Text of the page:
One way to improve students’ ability to adapt is to switch up the lecture format every class and practice different styles of teaching. While one class can purely be based around a discussion on a certain topic, another can be a challenge or a simulation of a real-life problem where students will have to apply their knowledge. Switching up class formats throughout the term can help keep students on their toes so they don’t get too comfortable with a given teaching style or environment.
Understanding one’s own feelings and the feelings of others can greatly contribute to the development of several other skills. A big part in the learning process and forming an understanding of the bigger picture is reflection. Looking back at what you did or accomplished, what went wrong, what went right, and how it made you feel.
In the classroom, one way to encourage the development of your emotional intelligence is by giving students the opportunity to reflect after they have completed a task. Whether this be a large project done with other students, or a small assignment which they did individually. Reflecting on what was done can help for future growth and improve their emotional intelligence. Sharing these reflections with your peers can promote conversation about how each student felt and giving them the chance to understand the experiences of others.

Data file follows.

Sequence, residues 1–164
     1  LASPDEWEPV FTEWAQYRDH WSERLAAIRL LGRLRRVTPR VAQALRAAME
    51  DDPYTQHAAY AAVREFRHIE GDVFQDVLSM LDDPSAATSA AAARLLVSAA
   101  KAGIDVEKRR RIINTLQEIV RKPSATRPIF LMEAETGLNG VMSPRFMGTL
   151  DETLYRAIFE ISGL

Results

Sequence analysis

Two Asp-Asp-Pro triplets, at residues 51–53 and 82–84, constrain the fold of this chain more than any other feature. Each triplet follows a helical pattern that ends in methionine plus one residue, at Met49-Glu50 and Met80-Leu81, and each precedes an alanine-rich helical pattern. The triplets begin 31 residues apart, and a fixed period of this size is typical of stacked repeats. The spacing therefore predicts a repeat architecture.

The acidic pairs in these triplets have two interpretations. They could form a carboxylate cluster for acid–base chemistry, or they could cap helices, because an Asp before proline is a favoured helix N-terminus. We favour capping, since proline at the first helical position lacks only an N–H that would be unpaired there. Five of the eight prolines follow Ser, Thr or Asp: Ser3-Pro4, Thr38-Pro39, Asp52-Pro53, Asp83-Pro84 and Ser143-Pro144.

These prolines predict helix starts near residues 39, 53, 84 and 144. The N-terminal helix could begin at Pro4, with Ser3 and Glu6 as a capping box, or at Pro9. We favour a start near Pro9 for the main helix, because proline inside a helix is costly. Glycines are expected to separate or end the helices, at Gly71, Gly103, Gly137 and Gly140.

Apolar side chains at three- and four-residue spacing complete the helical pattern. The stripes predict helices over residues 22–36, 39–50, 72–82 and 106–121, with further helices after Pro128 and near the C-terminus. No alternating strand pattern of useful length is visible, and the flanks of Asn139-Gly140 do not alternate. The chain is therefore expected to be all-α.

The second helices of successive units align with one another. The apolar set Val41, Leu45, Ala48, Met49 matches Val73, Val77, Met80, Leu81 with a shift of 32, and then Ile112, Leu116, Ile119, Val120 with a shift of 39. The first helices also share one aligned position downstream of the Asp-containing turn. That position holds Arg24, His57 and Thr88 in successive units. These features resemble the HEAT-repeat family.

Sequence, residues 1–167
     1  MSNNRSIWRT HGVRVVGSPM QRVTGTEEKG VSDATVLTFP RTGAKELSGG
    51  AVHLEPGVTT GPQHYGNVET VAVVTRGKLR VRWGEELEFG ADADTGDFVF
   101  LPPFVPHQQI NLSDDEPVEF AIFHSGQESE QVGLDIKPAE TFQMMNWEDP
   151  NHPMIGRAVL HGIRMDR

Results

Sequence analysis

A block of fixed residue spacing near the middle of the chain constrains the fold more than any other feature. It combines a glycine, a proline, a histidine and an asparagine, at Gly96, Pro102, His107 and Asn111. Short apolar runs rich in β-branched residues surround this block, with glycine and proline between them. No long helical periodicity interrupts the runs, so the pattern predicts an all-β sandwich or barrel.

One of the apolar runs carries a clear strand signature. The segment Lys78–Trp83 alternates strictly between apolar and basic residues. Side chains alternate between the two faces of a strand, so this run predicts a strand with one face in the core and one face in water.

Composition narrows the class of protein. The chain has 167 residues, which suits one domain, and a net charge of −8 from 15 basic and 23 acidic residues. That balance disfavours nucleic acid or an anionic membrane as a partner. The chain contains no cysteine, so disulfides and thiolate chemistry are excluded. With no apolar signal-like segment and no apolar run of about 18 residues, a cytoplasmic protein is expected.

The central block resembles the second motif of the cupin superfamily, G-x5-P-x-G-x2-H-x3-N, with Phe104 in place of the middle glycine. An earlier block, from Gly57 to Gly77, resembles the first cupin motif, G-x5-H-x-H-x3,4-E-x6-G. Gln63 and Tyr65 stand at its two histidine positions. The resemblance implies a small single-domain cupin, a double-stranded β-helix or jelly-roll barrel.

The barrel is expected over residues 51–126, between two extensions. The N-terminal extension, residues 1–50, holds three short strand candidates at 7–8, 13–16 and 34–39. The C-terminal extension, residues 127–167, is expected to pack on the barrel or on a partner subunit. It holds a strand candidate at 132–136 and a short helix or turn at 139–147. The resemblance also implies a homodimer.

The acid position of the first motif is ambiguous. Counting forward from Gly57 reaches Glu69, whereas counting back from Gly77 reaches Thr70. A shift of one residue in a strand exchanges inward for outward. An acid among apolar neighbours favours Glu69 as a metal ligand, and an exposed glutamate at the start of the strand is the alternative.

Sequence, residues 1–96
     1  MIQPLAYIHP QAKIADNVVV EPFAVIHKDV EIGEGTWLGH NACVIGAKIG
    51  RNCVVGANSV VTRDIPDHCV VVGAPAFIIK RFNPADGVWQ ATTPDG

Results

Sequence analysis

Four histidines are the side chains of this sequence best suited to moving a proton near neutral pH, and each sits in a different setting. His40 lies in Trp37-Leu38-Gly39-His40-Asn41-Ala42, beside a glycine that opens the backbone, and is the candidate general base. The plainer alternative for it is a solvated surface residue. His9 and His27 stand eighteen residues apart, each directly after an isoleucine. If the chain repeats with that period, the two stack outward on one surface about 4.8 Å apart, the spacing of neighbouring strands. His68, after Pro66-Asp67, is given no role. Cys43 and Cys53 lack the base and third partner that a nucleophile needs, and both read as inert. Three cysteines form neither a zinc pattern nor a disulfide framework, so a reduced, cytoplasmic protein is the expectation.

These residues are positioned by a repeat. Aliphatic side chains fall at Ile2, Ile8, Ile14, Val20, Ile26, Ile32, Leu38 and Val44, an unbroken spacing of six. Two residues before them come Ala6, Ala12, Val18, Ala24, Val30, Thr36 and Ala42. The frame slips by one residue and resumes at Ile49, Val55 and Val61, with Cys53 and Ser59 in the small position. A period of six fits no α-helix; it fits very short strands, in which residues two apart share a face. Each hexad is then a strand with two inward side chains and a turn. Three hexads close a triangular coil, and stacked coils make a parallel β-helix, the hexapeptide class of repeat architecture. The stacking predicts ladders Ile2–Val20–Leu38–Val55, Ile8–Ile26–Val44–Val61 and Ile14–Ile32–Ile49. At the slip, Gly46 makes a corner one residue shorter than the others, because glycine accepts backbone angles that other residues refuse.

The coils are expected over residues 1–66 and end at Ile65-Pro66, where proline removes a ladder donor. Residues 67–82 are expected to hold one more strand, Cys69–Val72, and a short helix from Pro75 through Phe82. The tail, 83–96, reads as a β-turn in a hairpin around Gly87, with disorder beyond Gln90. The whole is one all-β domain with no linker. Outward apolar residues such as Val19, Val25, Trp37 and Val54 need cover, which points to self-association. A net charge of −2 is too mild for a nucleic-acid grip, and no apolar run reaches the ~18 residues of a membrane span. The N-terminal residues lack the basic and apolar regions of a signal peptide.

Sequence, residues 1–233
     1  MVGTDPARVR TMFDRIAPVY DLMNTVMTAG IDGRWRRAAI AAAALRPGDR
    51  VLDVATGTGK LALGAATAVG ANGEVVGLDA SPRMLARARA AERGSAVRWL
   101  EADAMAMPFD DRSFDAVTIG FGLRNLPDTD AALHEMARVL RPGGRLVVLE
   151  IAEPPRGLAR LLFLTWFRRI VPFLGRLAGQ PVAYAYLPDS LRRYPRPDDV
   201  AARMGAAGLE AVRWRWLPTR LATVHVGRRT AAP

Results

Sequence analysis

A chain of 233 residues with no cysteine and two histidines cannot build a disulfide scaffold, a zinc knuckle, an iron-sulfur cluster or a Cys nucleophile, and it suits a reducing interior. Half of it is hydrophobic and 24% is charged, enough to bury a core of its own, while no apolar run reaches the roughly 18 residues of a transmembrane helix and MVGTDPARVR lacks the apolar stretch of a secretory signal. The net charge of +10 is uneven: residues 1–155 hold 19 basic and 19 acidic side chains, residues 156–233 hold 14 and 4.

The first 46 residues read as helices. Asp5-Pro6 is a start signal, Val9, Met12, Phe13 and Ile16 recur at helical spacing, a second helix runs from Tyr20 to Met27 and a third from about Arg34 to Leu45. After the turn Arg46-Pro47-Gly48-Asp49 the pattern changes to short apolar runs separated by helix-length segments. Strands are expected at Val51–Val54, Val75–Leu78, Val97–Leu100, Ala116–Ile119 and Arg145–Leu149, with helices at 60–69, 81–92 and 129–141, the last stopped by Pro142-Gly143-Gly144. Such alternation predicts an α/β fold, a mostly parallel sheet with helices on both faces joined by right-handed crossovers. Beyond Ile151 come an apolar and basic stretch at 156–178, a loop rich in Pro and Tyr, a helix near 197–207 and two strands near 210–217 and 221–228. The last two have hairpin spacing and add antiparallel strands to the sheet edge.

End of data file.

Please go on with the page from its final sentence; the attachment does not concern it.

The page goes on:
Another way to give students an opportunity to develop their emotional intelligence is by purposely placing them into a situation where conflict may arise. A good way to do this could be through team work. Understanding how to collaborate with others and manage a team while keeping everyone in agreement can build emotional intelligence which is needed for good team work and leadership.
Building Skills Beyond the Classroom
While students still have the opportunity to learn soft skills in their online classes, COVID-19 has limited the opportunities given to students to build up their skills. This is why it is vital for professors to find new opportunities for students to continue putting their skills to practice. To ensure students are prepared for life post-graduation, we must ensure that virtual learning does not mean lost opportunities.
At Riipen, we have made it our goal to assist professors in this mission. By offering projects with real company’s embedded directly into your existing course curriculum, Riipen helps students to build up the skills they need to be work-ready upon graduation.
Riipen is a worldwide marketplace that connects companies with educators and students to complete work-integrated learning experiences. If you are interested in learning more and how Riipen can help improve your class, visit our website or contact our team at email@example.com to get started.
About the Author
Austin Gumbs is a Marketing Intern at Riipen and is currently a third-year University of Toronto student studying Business. He enjoys getting involved with his University community through his work on different clubs. When he isn’t working on extracurriculars, you can find him at his desk watching various Netflix shows and YouTube videos, playing games, or working on a new hobby of his: glass painting.